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How can my child find scholarships for college?

Scholarships are definitely a preferred type of financial aid because they do not have to be repaid. Consequently, they reduce your out-of-pocket costs for college.

There are basically two types of scholarships--those awarded solely on the basis of talent (often called merit scholarships) and those awarded on the basis of talent and financial need. These scholarships can come from two sources--the colleges you are interested in and everywhere else.

First, the easy part. Have your child check with the admissions office at each college he or she is interested in to find out what scholarships it offers. Recently, colleges have tended to offer more merit scholarships, without consideration of financial need, as a way of attracting the best and brightest students. The admissions office may then direct your child to a specific department or contact person, depending on whether his or her talent is musical, athletic, or academic.

Besides the colleges your child is interested in, the scholarship world is wide open. Virtually thousands of scholarships are offered each year by the federal government, individual states, and a wide variety of local, state, and national organizations. Although it is impossible to research them all, a tailored search is possible.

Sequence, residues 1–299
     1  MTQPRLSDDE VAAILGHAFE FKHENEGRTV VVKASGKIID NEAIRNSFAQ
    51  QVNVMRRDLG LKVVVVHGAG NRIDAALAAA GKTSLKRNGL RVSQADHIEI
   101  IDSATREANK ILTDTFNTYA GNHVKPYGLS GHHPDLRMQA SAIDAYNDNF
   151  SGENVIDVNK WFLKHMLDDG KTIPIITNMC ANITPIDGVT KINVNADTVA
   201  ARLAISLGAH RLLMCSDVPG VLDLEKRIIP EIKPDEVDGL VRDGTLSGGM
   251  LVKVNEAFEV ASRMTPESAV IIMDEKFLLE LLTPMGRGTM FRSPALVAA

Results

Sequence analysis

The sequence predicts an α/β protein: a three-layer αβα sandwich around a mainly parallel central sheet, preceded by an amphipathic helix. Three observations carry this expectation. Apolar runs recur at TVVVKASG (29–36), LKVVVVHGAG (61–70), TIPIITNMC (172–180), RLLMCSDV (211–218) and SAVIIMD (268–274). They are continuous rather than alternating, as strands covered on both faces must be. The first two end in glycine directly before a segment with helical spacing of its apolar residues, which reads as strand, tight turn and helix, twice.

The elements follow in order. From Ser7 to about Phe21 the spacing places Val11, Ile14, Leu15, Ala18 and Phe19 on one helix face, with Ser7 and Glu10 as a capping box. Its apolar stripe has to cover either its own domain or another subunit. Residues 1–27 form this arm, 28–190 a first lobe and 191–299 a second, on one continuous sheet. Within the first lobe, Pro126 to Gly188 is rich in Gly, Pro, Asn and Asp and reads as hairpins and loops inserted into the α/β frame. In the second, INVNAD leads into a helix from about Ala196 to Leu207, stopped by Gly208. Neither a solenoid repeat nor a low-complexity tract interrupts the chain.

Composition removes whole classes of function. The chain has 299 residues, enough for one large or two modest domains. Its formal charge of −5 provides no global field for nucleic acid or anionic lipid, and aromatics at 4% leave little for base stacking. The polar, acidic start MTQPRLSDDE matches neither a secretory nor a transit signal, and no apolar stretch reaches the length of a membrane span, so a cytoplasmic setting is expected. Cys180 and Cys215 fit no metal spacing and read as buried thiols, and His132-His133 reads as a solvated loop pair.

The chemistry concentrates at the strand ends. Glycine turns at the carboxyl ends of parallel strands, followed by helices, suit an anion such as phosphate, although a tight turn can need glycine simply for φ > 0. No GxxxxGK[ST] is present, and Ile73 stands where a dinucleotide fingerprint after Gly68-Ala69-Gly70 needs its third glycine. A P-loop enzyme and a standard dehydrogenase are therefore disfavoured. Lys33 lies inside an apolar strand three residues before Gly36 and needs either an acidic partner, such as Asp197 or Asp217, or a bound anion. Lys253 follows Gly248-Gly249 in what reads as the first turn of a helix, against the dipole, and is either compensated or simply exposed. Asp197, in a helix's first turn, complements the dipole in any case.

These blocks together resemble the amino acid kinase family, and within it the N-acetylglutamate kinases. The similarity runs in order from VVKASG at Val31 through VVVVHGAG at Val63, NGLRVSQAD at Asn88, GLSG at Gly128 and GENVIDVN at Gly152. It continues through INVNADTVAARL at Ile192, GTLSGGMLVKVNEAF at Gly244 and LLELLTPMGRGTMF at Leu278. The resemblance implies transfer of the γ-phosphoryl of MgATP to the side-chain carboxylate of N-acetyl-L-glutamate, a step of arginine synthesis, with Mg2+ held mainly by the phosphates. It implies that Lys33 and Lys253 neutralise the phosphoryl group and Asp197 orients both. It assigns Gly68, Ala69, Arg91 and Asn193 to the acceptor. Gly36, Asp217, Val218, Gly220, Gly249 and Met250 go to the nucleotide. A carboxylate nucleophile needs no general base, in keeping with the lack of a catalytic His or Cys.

Have your child ask his or her high school guidance counselor or the reference librarian at your local library to recommend an up-to-date scholarship handbook. Better yet, go on-line to one of a number of websites that perform scholarship searches for free. Such websites can save you a tremendous amount of time because they automatically exclude scholarships that don't match your qualifications, background, and interests.

If your child finds a handful of appropriate scholarships, the next step is to follow each one's instructions and apply by the required deadlines. Most scholarships require an essay, a grade transcript, a description of extracurricular activities, and recommendation letters.

Finally, a word of caution. Only a small percentage of the average student's overall financial aid package consists of scholarships. So, while scholarships are certainly worth researching, such research should not be at the expense of filling out the federal government's financial aid form (the FAFSA) or any applicable college or state financial aid forms.